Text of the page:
Monday, June 14, 2010

You can't take the Catholic school out of the boy, I guess

On Saturday night, I went to the big yearly fundraiser for my boys' charter school. For those of you new to my blog, both Henry and Oliver attended Catholic school for years (Henry for four and Oliver for two). I wrote about why I took them out of Catholic school and transferred them into a progressive charter school HERE if you want to read more, but back to the fundraiser --

One of the things that the children at the school all do in preparation for the big night is an art project. There is a class project that is auctioned off for hundreds and hundreds of dollars at the live auction, and then there are the individual pieces that one can bring home for a small donation. When I walked into the event, I saw the second and third grade projects arrayed on long tables and inwardly groaned. Not only were there at least a hundred of them, but they appeared, at first glance, to be junk sculptures -- those cardboard box dioramas with bits of straws and clumps of glue, toothpicks and paint and toilet paper rolls arranged artfully. I sighed and wondered where in the hell I was going to put Oliver's latest masterpiece (if you're the parent of a very young child, trust me -- you'll get here, one day) and moved on to buy a ticket for the bar.

Later that night, as I was leaving, I stopped at the table to pick up Oliver's art piece. It was only then that I saw the title of it:

The Godinator
I really couldn't possibly do justice to the thing, without posting a photograph. So here it is in all of its Inquisition-like glory:

There's a banner there on the top with peace signs, and this: ! GOD ! There's a simple machine at the bottom, a sort of crank and gear shift that rotates the two crosses at the top. The third graders evidently studied simple machines in social studies and Oliver used his knowledge of them to great affect (or is it effect?). The walls of the box are lined with carefully-placed tips of toothpicks -- and I'm telling you, those things are SHARP. The crosses are each adorned with a plastic flower and burst out of a Sparkletts dixie cup. I stood in wonder at my son's creation and then paraded it around, exclaiming and laughing over its weirdness.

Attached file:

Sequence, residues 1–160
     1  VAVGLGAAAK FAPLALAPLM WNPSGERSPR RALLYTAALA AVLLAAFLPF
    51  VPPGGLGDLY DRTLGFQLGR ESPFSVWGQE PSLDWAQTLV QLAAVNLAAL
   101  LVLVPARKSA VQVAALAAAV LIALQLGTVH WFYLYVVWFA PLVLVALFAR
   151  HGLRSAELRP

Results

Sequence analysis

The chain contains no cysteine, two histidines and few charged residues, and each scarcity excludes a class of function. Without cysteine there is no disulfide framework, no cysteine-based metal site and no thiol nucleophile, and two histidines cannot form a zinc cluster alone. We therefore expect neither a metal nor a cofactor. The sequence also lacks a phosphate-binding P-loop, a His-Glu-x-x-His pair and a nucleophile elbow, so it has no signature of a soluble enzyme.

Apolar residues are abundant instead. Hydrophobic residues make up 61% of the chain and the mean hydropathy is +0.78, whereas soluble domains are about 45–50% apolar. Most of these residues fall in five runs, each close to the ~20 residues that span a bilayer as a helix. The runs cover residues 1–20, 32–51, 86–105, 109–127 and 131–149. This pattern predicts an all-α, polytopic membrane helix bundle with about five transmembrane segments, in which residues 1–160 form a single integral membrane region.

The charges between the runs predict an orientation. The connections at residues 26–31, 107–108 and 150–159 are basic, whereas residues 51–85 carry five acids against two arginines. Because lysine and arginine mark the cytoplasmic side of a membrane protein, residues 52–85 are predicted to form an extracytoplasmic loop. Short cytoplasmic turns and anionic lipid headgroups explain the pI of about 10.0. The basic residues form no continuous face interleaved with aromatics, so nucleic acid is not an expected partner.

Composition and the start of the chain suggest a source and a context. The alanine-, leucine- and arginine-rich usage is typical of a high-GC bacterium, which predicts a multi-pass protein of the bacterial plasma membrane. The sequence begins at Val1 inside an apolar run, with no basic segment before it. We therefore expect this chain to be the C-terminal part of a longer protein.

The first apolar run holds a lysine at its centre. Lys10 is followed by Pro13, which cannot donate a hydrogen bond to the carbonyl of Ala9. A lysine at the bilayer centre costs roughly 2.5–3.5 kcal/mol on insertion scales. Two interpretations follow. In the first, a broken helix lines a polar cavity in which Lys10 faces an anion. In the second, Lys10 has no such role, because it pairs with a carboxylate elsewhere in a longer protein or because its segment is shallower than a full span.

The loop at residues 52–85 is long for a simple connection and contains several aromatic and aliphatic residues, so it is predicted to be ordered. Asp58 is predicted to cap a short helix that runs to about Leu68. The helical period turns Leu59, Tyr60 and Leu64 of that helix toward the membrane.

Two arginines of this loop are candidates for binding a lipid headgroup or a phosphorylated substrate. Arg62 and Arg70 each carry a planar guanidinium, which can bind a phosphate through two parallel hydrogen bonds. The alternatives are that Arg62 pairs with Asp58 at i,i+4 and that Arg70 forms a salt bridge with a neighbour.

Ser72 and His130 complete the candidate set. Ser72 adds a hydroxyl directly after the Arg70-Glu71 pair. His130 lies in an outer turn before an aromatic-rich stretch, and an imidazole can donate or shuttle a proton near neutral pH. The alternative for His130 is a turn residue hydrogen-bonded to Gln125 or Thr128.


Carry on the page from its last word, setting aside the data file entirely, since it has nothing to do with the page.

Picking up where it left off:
When he woke up this morning, Oliver asked me what I thought about it.

Spectacular, I said. Tell me about it.

Oliver told me that he wanted to create something that praised God and everything that He had given him. He had specifically put plastic flowers on the cross for that reason. He wanted to protect God, too.

From what? Henry asked. He was clearly bored and annoyed.

From the Devil, Oliver replied. That's why there are spikes.

Henry rolled his eyes.

Honestly, I have some amazing children, no?


  1. Oh yes. You certainly do. And I have shelves full of things my children have made and you will too but this one- the Godinator! it is special.

  2. Spectacular!!! Amazingly creative.

  3. Great boys! Love it. If Oliver ever has to get out of town fast, I'll take him!

    I believe it's "effect".


  4. Unbelievable...My lord that child is exceptional.

  5. spikes ..... maybe that's what I need :)

  6. He made good use of his Catholic-to-charter school transition, didn't he, blending worlds with great LA style. Not only artistic but quite a piece of craftsmanship, too. Bravo, Oliver!

  7. You do.
    I agree with Oliver. I think God most likely does need protection from the Devil.
    If you have any large wooden skewers at your house, you might want to hide them in a safe place before the boy builds a larger sharp and pointy device!!

  8. of COURSE that's why there are spikes!
    Excellent artistic creation and even better explanation!

  9. He put so much thought into that! Love the title too.

    P.S. I'm still getting over my 4 years of Catholic school!

  10. Go Godinator! Catholic School can't be all bad if it inspires this kind of imagination. I'm gonna get myself some spikes to protect me from the devil.

  11. Amazing doesn't even do him justice. Ohhhhh, I love that boy and his mind! I'd love to know how all of the Catholic education interweaves with that desire to protect God. What a treasure.

  12. This blows me away.

    I , the cruel and heartless trasher of many things cut and pasted, would find a spot for this.

  13. you HAVE to KNOW that i LOVE this!
    Godinator indeed!

    of course spikes.


  14. Yes. Your children are amazing.

    I am wondering how I missed this amazing post! I am going to share your blog with my daughter. She will enjoy this project, and the conversation.

    Oliver. What a kid!


  15. Yes, you do. I love the Godinator. What a great story. Thanks for sharing the photos of the marvelous invention too. Wow!



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